I remember the exact day I made my Instagram account.
It was the first social media account I had ever made. I was in seventh grade and a little late to the social media game. I was eager to connect with my peers in a new and exciting format.
I would feel left out in my classes when other students would reference something they saw online, and I felt as though joining the newest social platform would somehow allow me to better fit in with my peers.
I enjoyed following my friends and sharing photos of my own daily experiences. Circa 2012, these daily experiences involved highly-filtered photos sitting in locker pods and poolside photos flipping my hair, trying to re-create the latest trend. I felt as though I was finally part of something that everyone else was doing.
However, just days after creating my account, I realized that this realm had opened up an entire new batch of things to feel insecure about.
For most of my middle and early high school years, it seemed as though my worth was deduced to my following-to-followed ratio and the amount of likes and comments that I was receiving on my posts.
As someone who feels the urge to have it together all of the time, posting pictures allowed me to prove to my followers that I was happy, successful and that my life was something worth sharing.
On the flip side, every time I saw one of my peers post their own successes and happiness, something within me told me that somehow their happiness was better and that their happiness outweighed mine. I was convinced that somehow if I wasn’t happy, that was my own fault. Being unhappy was wrong.
Over time, I have grown and come to realize that likes and followers don’t determine who someone is as a person. I do, however, feel as though there are still many aspects of the social media world that breed a toxic insecurity among my generation.
Much like the posed, curated photos my seventh grade self posted, it seemed as though there was a second wave of this phenomena as my peer group began leaving for college.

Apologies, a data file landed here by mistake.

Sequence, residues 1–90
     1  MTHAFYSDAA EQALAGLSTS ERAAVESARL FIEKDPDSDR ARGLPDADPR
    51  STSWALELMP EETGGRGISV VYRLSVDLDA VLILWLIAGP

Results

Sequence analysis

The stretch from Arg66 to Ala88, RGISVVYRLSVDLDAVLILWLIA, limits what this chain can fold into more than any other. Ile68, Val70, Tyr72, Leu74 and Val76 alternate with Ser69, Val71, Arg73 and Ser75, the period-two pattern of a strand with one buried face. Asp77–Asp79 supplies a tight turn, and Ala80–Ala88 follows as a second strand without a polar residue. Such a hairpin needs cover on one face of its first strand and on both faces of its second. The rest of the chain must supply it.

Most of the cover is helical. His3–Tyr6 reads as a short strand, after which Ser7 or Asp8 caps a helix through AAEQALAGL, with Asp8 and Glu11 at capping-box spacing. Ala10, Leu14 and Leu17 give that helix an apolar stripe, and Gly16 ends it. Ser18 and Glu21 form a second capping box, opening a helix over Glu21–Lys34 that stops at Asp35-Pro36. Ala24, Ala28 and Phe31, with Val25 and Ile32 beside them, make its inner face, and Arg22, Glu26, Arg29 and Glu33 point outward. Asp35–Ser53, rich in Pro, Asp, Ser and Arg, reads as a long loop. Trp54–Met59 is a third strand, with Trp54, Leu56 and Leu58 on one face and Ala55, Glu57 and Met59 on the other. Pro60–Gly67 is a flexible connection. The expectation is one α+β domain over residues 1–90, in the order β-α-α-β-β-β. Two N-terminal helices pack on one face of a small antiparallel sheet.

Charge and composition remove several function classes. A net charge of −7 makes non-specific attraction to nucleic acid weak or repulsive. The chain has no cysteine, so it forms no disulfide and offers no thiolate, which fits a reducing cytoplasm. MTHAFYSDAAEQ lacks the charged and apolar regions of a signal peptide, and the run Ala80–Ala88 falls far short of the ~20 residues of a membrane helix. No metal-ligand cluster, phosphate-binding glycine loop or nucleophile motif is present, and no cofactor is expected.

Every August and early September, during my last few years of high school my feed was flooded with people happily posed in their dorms. Posts of new friends and “real parties” made it seem as though everyone I knew was ecstatic leaving their home lives behind, painting a picture of a seemingly fantastic new life.
I too am guilty of putting on a facade. It seems nearly impossible not to when everything else surrounding my social media world is a bubble of so-called perfection.
This is what I mean when I say toxic. I don’t think that sharing happy moments and successes is by any means unhealthy, but rather the lack of posts revolving around the negative, albeit real, aspects of one’s life portrays an inaccurate imbalance.
I mean, who wants to share with upward of 1,000 followers when they fail a test, get in a fight with their friends or just have a bad day?
I’m not saying that our feeds should be full of negativity either, but I do feel it is important to create an understanding that what surrounds our feeds is not the full story.
I often wish I could go back and tell myself in seventh grade that the snapshot of joy I was seeing on my feed didn’t mean that my peers were never unhappy. I wish I could remember, even now, that social media is not an accurate depiction of others’ lives.
It’s okay to not be happy 100 percent of the time.
I also wish I could share this message with younger generations as social media is only continuing to grow. Similarly, to those who are about to embark on their freshman year of college, it’s okay to feel like you don’t have it all together, because in reality, no one does.
It has taken me years to realize these things. While the social media climate has changed drastically over the past decade, there is still much work to be done. I see now that the snapshots of happiness portrayed on social media are just that, and they are part of a much larger picture.
Madeleine Sheifer, ’21, is an associate lifestyle editor for The Brown and White. She can be reached at [email protected]